Maine Central Institute may be determined to extract revenge in a rematch of the Class D football state final, but Oak Hill, the two-time defending champion, insists it will be ready.

“Everybody wants a little bit of revenge in games. I would too if I were them,” said Oak Hill quarterback Dalton Therrien. “That could be an advantage or disadvantage for them. We’ll just have to see Friday night.

“They’re a good team. They’ve got a lot of talent in some places but so do we.”

Last year Oak Hill used a big second half from Alex Mace to race past the injury-plagued Huskies 41-21 at Fitzpatrick Stadium. Oak Hill (10-0 Class D South) and MCI (10-0 Class D North) will have their rematch at 7 p.m. Friday at the University of Maine.

“Having the right mentality, knowing what we’re capable of, that’s what it comes down to,” Oak Hill receiver Connor Nilsson said. “For us seniors, it’s our last game, you know. We want to enjoy it but we also want to get the win.”

MCI is well aware that much of its success Friday night will hinge on its ability to stop Therrien, who has completed 68 of 120 passes for 1,297 yards, 17 touchdowns and one interception. Therrien also has rushed 100 times for 870 yards, 14 touchdowns and one fumble.

“They have a really good quarterback who likes to run so we’ll have to contain him,” MCI tackle/safety Alex Jones said. “They have really good wide receivers that can go out, run routes and catch the ball. They have a lot of playmakers. We’ll have to take care of all of them.”

A sound defensive game plan and the ability to adjust on the fly will be critical for the Huskies.

In its 21-20 victory against Lisbon in the Class D South final, Oak Hill ran two base offensive formations out of the shotgun: A run-heavy variation of the run and shoot with two wide receivers close to the tackles, a pair of split backs behind the guards and a running back a yard behind Therrien; and a four wide receiver, single back set.

The Raiders showed a willingness to run or pass out of each formation, and also at times have gone to the double wing – like they did in last season’s state title game. Each formation allows for plenty of variance and forces opponents to respect the run from Therrien or Levi Buteau, as well as the pass.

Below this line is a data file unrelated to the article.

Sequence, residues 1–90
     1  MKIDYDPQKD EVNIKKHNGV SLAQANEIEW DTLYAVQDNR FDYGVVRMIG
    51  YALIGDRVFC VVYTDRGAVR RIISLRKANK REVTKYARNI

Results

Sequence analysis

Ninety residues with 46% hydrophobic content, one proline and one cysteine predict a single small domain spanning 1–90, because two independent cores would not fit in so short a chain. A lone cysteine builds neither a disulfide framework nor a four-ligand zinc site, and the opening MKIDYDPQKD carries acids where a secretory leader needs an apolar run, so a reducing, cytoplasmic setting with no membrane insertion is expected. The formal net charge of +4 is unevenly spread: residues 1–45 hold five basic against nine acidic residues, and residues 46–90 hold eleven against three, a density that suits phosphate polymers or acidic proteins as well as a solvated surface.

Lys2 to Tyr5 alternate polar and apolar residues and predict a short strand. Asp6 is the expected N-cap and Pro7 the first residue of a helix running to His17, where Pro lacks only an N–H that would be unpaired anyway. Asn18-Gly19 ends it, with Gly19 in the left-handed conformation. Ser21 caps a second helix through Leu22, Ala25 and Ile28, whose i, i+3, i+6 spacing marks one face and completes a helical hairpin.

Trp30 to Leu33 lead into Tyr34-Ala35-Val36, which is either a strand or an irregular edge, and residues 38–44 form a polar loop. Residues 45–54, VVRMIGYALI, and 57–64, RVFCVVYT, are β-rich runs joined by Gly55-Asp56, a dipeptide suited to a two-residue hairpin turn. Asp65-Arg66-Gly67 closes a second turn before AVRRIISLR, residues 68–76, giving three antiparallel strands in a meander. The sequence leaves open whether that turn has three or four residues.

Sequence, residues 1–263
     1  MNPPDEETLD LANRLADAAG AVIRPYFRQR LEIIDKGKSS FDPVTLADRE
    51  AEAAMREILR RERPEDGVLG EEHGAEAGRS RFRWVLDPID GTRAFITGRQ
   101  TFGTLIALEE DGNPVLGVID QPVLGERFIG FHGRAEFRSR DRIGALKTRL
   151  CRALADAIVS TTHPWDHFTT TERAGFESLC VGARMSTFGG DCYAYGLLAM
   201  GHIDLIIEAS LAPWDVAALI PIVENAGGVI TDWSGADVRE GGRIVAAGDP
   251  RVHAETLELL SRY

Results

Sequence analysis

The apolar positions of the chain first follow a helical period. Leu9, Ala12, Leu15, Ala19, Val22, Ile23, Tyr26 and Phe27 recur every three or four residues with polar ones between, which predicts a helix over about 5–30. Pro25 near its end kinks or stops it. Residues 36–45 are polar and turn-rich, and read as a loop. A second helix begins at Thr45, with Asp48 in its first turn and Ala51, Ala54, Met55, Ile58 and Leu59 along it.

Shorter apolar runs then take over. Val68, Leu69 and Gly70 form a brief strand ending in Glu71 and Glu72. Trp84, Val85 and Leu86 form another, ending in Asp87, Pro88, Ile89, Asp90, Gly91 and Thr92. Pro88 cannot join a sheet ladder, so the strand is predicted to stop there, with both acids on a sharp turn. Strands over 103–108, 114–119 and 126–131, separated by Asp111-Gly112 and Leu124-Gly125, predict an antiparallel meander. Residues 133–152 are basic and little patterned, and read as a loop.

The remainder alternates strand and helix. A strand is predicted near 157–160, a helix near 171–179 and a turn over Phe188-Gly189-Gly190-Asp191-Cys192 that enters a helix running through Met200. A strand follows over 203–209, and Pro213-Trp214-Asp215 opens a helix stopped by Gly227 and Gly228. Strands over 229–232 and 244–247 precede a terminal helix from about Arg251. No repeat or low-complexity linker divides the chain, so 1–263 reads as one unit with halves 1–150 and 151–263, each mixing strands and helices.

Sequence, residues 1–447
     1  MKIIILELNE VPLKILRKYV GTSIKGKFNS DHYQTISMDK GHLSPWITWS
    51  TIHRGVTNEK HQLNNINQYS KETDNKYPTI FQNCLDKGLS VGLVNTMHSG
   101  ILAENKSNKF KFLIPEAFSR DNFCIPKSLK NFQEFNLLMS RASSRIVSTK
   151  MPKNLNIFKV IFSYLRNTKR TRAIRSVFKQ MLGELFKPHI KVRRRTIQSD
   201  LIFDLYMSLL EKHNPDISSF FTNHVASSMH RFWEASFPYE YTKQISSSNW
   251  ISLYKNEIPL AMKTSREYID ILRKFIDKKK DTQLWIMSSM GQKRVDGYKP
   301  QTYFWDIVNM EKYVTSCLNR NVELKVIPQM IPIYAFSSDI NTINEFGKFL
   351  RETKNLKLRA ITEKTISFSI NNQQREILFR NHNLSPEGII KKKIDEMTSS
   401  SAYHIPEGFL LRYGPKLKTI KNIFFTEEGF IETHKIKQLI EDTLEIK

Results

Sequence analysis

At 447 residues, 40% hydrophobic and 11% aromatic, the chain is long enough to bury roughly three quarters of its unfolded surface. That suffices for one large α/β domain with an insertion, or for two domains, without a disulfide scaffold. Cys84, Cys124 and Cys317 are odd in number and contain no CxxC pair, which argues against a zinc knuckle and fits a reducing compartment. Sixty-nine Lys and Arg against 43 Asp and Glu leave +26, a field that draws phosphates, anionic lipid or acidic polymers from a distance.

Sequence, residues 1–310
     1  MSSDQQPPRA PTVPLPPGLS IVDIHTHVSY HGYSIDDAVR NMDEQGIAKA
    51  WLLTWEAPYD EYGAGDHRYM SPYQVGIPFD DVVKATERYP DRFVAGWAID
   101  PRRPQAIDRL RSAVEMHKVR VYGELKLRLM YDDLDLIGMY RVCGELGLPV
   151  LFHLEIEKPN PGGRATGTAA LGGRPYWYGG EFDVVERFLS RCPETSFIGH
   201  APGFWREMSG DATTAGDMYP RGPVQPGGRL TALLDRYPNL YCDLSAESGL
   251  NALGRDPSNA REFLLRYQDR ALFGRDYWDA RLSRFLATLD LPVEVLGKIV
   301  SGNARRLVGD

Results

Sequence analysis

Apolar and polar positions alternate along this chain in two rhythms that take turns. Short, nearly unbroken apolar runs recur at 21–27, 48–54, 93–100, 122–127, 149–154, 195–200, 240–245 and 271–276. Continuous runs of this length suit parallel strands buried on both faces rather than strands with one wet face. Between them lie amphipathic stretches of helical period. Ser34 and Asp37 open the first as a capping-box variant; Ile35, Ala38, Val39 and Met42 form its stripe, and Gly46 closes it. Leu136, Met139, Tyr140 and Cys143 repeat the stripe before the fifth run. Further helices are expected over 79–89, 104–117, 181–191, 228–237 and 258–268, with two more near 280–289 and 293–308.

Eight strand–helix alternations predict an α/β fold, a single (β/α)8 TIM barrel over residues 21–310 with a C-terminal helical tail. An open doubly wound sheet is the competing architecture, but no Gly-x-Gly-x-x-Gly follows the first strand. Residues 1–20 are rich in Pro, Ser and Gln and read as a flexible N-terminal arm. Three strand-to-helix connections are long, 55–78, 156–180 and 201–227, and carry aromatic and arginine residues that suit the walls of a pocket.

Jonah Martin and Nilsson have been Therrien’s top receiving threats, and Buteau has been the Raiders’ primary ball carrier after Therrien.

“They’re like us in that we make you prepare for a lot of different stuff and you don’t know what we’re going to throw at you,” MCI Coach Tom Bertrand said. “They can do a lot of different things, and we’re not sure what they’re going to show up and do.”

Oak Hill faced plenty of talented offenses this season but the Huskies will provide a different type of challenge. The Raiders took on tough-running fullbacks similar to Alex Bertrand and quick, shifty running backs the likes of Willie Moss, yet most of their opponents did not also have as capable a passing quarterback as Greg Vigue.

“They’re balanced. They can go inside, they can go outside and they can throw the ball,” Oak Hill Coach Stacen Doucette said. “We just have to play assignment football.”

Winning the line of scrimmage will also be key for the Raiders and much of that will fall on how well Oak Hill handles Curtis McLeod.

At 6-foot-3 and 280 pounds, the senior guard possesses the kind of speed and power to be disruptive on both sides of the ball.

A key question for MCI will be whether it is as good as its scores have indicated. The Huskies haven’t played a close game all season winning each game by at least 21 points.

Oak Hill, meanwhile, has shown it can close out close games, winning its previous two contests by a combined four points.

Has MCI’s run been more a function of overwhelming talent or a weak schedule?

That question will be answered Friday night.